I am a proud, critical care nurse, and I have been in that specialty for the majority of my nursing career. Over the years I tried different areas to give them the benefit of the doubt, and I've worked anywhere from a rehabilitation center to hospice. But I've always gravitated back towards intensive care. I suppose it just suits me.
Some people are lucky enough to feel that they have a real calling toward one particular job or career field. Nurses tend to be these kinds of people. If you know someone with a profound desire to help others and a fierce work ethic and intellect to match, they just might work in nursing. But, while the job can be quite fulfilling, it's far from an easy career path.
Nursing school is difficult, no doubt, but it pales in comparison to the first year working as a nurse. New nurses face many obstacles they may not have even fathomed while in school. Whether you landed a position in your dream unit or had difficulty securing the first job, the first year out for any nurse is challenging.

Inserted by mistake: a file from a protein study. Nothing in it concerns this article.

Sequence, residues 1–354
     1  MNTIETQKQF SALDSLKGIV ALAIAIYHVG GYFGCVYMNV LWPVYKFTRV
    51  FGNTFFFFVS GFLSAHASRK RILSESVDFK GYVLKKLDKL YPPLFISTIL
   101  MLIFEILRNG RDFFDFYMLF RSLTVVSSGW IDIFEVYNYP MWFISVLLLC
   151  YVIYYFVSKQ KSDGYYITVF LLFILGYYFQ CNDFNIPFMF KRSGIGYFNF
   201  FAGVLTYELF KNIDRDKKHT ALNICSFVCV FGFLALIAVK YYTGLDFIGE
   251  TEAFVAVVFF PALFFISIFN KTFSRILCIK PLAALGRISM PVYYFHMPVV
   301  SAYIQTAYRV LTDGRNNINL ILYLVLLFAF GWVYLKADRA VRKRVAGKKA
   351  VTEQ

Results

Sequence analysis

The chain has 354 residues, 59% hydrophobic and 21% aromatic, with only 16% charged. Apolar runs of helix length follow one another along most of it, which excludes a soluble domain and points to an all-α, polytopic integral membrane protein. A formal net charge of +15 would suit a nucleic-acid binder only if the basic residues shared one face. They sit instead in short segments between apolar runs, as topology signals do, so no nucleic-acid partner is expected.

Today, the nation's highest court will hear Whole Woman's Health v. Hellerstedt, a case that will determine whether the state of Texas can shut down nearly all abortion care providers in the state, placing countless women at risk of serious harm and forcing health professionals to provide substandard care.
It's labor, so everyone knows it's going to hurt, right?!? Wrong. Whatever our patients think it's going to be like, it's different. And every time they think it can't get worse than this, they're surprised, because it does get worse than this.
Celebrities dole out advice on a variety of topics, but when it comes to health and medicine, you may want to steer clear of some of their recommendations.
The Department of Health and Human Services also found that some urban ambulance services were billing Medicare for trips of more than 100 miles. The national average for an urban ambulance ride is 10 miles.
In This Issue
Liz Di Bernardo